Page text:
Too often do I see friends and acquaintances of mine who were once so focused on their passion, give up on said passion because they “didn’t make it” (whatever that means). They stop doing it (whatever “it” may be) because it didn’t give them the big financial gain and glory that they had hoped for. When I learn about this my first question is ……. “What happened to the passion?”
What I mean is: Is not the reason we DO the things we love to do, because we love to do them? Is that not a reward onto itself? Is that not success?
Here is what Happens:
Recall when we first started our passion (lets use playing guitar for this example). We were young and “wide eyed.” We played because we liked learning how to play. We played because we liked the sound. We started playing right away, the moment we got home from school, and didn’t stop until dinner. We didn’t think about how we could make it a career, or earn some side cash from it, as we didn’t care about all that. We just loved to play. It made us happy all by itself.
As time went on however, we learned what we could do with this ability/skill we learned through our passion. We learned that we could make money. So that is exactly what we did (why not! if you’re good at something, never do it for free, right?). We hone this skill. We learn what it takes to seek fortune/glory. We change our play style to what is popular, as the more popular it is, the more potential for fortune/glory (For some reason, Metallica comes to mind). Now we practice our skill constantly because we have to. Now it’s not only a job, but it is work (and there is a big difference between the two). The enthusiasm and passion themselves have diminished, being overshadowed by the race for fortune/glory (a concept we may not have even been aware of when we started).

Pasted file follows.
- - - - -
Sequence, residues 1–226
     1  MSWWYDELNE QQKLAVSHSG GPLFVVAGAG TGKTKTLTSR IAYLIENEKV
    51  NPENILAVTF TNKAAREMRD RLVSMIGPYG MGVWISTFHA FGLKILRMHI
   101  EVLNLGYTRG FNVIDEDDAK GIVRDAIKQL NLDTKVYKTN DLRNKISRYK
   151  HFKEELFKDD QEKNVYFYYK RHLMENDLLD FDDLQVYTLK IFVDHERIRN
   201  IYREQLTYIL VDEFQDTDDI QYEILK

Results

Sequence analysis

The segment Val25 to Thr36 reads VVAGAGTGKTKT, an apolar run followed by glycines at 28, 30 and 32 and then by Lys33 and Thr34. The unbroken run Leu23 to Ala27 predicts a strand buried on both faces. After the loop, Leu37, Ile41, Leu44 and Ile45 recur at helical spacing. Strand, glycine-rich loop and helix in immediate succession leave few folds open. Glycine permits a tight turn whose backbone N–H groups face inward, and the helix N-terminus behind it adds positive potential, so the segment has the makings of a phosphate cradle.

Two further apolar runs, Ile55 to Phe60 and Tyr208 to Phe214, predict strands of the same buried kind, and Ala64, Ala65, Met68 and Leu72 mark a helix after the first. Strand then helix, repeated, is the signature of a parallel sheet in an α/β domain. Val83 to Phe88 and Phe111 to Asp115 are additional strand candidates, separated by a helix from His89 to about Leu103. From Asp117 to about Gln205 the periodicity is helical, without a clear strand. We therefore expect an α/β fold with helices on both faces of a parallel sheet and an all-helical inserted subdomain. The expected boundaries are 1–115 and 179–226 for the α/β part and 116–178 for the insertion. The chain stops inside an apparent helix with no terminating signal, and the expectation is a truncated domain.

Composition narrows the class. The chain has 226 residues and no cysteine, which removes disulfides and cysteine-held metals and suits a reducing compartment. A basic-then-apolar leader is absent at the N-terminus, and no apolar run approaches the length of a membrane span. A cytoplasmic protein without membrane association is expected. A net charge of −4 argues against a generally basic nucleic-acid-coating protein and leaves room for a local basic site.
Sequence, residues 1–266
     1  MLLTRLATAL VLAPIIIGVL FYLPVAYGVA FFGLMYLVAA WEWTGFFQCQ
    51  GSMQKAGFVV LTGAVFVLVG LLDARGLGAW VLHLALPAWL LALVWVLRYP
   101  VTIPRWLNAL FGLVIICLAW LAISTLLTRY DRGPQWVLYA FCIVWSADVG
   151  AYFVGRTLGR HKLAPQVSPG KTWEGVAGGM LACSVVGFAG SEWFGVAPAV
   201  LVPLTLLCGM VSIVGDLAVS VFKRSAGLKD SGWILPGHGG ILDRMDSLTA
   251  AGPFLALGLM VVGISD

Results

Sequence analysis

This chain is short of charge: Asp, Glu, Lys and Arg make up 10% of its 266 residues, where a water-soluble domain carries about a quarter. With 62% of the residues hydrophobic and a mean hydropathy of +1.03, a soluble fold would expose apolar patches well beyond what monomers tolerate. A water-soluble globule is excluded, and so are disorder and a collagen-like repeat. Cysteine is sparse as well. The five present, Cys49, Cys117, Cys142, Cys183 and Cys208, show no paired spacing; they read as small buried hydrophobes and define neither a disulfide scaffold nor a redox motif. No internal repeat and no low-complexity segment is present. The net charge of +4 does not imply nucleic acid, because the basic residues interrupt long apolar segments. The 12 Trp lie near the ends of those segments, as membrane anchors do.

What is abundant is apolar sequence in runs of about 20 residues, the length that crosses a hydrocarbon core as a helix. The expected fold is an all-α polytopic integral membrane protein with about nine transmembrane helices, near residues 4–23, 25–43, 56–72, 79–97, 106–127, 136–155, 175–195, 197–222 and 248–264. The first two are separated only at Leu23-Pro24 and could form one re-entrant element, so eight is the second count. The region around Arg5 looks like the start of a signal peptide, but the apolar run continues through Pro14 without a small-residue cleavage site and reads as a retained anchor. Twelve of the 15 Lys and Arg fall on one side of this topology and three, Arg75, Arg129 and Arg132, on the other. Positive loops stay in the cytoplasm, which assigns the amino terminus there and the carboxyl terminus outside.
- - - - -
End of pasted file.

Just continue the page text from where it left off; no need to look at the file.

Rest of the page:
If we don’t get the “success” we sought, then we are without passion AND fortune/glory.
If we DO have the “success” we sought, we have an empty victory. This will bring happiness initially, but when the crowd leaves, we are still left in the cold and dark, living a life that we never wanted. We only thought we wanted that life because that is the pressure THEY put on us. They told us (over time and in so many words), that our passion only has value if we stand to amass wealth and popularity from it. …… and eventually we bought this belief.
The truth is this: “Making it” should have never been the primary goal. Exploring our passion and growing within it, should always be the goal. Now, fortune/glory may come, or it may not; that is just a potential bonus. As long as we can make a living, and continue to grow through passion, we are already successful.
Growing within our passion is it’s own reward.